For years, we heard about the need for employees to expand their skill sets due to the VUCA (volatility, uncertainty, complexity, and ambiguity) world we live in. Then the pandemic hit. Change and disruption literally zoomed to a new high. Forward-thinking talent professionals have been aligned with these organizational challenges and advancing learning opportunities using a variety of terms such as reskilling, upskilling, preskilling, and future skilling.
Many of us set new goals, both personal and professional, at the beginning of a new year, and most include some sort of learning component. However, the goal is not the learning process. What do you do to actually start learning? For many, a typical starting place is simply signing up for a class or workshop suggested by your learning management system (LMS) or your manager. Another is going outward with an internet search or a check-in with your friendly AI assistant. Both of these can be very useful, but most of the time, you end up with a huge list of documents to read and consume or a generic course.
Another way to start is to “go slow to go fast” by using a few simple tools and by going inward to brainstorm and generate your own thoughts. This includes responding to a few questions. And yes, you can use the internet, your laptop, and the like, but a pencil and notebook, posters, sticky notes, and markers can be more brain friendly. A supplementary and valuable add is including visuals.
The first question then is the focus of Simon Sinek’s golden circle, the big WHY. Why is this learning important to you? Is it for a new task in your work portfolio, for a side gig you want to pursue, for a certification you are working on, or just for something that piques your curiosity? If your big WHY is not immediately obvious, the 5-Why tool can help.
The WHY should acknowledge how you will use the new skill or knowledge. This in turn influences your approach to learning. A story about cleaning tables by quality management expert Dr. Edwards Deming illustrates this point. If your task is to clean a table, it is important to know “for what end or purpose.” Will the table be used for lunch, for a carpentry project, or for operating on a person or animal? Another way to view this is through the lens of Bloom’s taxonomy and have clarity on the level the skill will be used. Do you just need to be aware of a skill (know about it and that it exists), do you need to actually do something using the skill or knowledge, or do you need to help or teach others to do something with the skill? For example, take something like pickleball. Do you just need to define it, do you just want to play it casually with family, or do you want to play on a competitive league?
The WHY can also influence your timeline. When do you need these skills? Is this a crash course and needed in a week, or is this preskilling for a future opportunity in a year or so?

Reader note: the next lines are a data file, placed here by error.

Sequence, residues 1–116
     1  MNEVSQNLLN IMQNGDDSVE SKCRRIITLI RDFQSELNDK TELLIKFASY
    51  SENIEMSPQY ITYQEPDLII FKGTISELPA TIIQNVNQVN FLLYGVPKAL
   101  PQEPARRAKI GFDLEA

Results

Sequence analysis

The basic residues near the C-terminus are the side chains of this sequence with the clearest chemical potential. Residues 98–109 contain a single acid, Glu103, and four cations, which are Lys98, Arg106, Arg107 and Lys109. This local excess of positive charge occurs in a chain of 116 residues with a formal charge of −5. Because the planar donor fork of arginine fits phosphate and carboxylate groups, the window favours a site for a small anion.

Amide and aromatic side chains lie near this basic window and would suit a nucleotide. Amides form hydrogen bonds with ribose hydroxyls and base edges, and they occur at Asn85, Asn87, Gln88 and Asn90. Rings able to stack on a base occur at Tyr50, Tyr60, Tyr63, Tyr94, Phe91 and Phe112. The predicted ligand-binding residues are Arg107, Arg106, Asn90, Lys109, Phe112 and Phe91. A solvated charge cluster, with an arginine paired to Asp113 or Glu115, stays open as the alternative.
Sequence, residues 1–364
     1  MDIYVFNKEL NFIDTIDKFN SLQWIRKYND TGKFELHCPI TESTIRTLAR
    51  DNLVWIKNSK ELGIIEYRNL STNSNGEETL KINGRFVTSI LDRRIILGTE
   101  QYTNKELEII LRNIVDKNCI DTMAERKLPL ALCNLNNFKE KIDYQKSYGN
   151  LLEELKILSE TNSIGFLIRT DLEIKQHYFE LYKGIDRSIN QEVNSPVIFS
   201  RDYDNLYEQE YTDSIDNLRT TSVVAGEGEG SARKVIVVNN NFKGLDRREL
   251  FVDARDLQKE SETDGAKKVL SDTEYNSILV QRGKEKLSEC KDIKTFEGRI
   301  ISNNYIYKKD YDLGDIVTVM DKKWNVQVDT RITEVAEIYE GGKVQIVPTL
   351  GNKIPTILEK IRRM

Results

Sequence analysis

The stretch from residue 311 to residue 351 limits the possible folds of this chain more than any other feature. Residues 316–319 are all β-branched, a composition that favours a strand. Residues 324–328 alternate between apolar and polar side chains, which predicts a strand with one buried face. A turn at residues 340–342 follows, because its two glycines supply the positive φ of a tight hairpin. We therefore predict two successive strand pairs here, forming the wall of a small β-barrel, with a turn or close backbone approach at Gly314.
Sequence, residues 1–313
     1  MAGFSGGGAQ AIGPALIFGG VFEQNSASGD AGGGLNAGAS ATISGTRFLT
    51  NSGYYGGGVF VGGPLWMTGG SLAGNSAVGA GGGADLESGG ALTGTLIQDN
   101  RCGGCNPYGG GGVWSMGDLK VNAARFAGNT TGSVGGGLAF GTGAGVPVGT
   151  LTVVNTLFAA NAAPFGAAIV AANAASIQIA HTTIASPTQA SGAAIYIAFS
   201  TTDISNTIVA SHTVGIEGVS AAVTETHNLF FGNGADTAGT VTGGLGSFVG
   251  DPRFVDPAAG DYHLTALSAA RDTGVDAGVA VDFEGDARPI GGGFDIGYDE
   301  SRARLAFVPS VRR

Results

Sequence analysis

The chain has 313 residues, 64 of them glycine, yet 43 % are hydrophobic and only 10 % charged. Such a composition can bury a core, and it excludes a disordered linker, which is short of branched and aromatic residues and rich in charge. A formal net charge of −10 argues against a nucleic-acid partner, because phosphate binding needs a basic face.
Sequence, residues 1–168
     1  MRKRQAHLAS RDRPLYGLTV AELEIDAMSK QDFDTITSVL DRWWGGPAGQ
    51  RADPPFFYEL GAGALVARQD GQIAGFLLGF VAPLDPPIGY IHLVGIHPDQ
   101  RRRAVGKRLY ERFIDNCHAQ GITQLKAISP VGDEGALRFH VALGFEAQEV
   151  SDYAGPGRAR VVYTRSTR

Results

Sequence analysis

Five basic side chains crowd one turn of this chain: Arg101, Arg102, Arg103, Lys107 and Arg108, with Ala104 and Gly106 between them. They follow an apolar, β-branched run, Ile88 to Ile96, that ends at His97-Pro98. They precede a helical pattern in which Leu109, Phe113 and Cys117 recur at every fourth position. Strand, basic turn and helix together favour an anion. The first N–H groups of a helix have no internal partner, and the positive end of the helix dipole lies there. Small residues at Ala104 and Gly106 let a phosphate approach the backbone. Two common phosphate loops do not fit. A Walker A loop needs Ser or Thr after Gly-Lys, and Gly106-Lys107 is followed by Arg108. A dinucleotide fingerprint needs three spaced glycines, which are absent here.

Once you know the big WHY, WHAT YOU WILL DO, and the TIMELINE, a tool to help lay out your ideas before you go into a full-fledged action plan mode is the KWHW (Know-What-How-Who) graphic organizer.
The purpose of the KWHW organizer is to serve as a structured process to enable individuals or groups to surface, sort, organize, and understand large amounts of disparate information that is both known and unknown to figure out what learning is needed and how best to accomplish it. The process enables individuals and groups to determine patterns, themes, and priorities in pursuing information related to a broad topic. Additionally, it creates structure for the research and ideation phases needed for further understanding and learning. It is basically priming the pump prior to developing a definitions goal and an action plan.
The KWHW graphic organizer is divided into these four columns:
K=KNOW—What do you currently KNOW about the topic? The purpose of the KNOW column is to determine a starting point for further research based on current knowledge. The K column can serve as a hook for attaching new questions and information.
W=WANT—What do you think you WANT to learn about the topic? The purpose of the WANT to learn column is to target what new information is currently needed. This determines the direction of the research and actions.
H=HOW—HOW might you learn about this topic? Use the HOW column to document ways to learn new information. What research methods can be undertaken? How will you cast a wide net to investigate the various opportunities for learning?
W=WHO—WHO can assist you with your exploration of this topic? The WHO column includes thought leaders on the topic, practitioners experienced in utilizing the topic, vendors training on the topic, bloggers writing on the topic, podcasters, learning professional colleagues incorporating concepts related to the topic, and many others. This list definitely needs to include people you can bounce your ideas off of, not just a list of authors.
Like most reflective generative tools, once you start, new ideas, connections, and questions will surface. So, while you can do this in 20 minutes or so and move directly into goal setting and action planning, the KWHW graphic organizer can be helpful to do it and then let it percolate in your brain over a couple of days. You might even share the framework outline with a colleague, mentor, or manager and get their suggestions and feedback.
As with most projects, there is great benefit to going slow to go fast. Capturing your ideas and documenting them is like priming a pump. It can help you clarify your intent, establish questions to help with focusing the learning, promote curiosity, and enable you to fast track developing an action plan that is more realistic, targeted, personable, and executable.
So, get a jumpstart on your first 2024 learning project—use the KWHW tool!